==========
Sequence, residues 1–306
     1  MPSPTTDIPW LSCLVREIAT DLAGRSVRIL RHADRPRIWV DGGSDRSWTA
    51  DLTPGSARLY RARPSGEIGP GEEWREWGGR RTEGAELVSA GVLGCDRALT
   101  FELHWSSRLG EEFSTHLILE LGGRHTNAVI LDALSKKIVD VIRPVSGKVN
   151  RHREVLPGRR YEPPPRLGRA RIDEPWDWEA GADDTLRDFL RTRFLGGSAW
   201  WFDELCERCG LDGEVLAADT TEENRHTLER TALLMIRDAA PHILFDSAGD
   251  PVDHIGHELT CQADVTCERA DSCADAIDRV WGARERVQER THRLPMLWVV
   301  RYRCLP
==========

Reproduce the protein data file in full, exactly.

Sequence, residues 1–306
     1  MPSPTTDIPW LSCLVREIAT DLAGRSVRIL RHADRPRIWV DGGSDRSWTA
    51  DLTPGSARLY RARPSGEIGP GEEWREWGGR RTEGAELVSA GVLGCDRALT
   101  FELHWSSRLG EEFSTHLILE LGGRHTNAVI LDALSKKIVD VIRPVSGKVN
   151  RHREVLPGRR YEPPPRLGRA RIDEPWDWEA GADDTLRDFL RTRFLGGSAW
   201  WFDELCERCG LDGEVLAADT TEENRHTLER TALLMIRDAA PHILFDSAGD
   251  PVDHIGHELT CQADVTCERA DSCADAIDRV WGARERVQER THRLPMLWVV
   301  RYRCLP